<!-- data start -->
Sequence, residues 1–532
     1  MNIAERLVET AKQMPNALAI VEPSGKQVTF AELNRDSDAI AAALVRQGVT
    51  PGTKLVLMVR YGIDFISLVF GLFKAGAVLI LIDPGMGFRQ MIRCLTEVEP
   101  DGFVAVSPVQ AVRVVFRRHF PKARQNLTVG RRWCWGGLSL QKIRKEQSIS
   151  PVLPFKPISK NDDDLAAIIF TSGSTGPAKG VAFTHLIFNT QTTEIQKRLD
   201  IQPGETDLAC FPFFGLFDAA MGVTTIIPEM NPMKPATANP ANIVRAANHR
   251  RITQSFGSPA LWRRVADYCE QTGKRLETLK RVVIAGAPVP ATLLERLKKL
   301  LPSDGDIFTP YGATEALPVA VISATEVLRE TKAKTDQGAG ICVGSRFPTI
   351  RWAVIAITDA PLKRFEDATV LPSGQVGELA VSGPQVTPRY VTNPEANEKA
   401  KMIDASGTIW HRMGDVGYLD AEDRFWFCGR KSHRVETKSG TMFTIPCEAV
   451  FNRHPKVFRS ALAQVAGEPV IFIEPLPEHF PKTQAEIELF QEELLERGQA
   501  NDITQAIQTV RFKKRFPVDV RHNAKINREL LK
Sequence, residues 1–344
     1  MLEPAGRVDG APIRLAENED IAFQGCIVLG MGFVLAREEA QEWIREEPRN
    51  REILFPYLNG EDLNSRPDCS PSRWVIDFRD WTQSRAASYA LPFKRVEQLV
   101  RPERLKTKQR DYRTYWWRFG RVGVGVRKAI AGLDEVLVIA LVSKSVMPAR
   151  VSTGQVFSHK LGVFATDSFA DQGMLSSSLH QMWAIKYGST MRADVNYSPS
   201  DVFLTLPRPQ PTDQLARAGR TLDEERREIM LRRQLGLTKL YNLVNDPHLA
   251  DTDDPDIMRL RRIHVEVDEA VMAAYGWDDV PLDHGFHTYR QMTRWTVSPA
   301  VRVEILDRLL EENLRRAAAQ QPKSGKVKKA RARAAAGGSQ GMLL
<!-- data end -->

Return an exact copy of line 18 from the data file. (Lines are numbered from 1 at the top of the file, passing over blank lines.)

   201  DVFLTLPRPQ PTDQLARAGR TLDEERREIM LRRQLGLTKL YNLVNDPHLA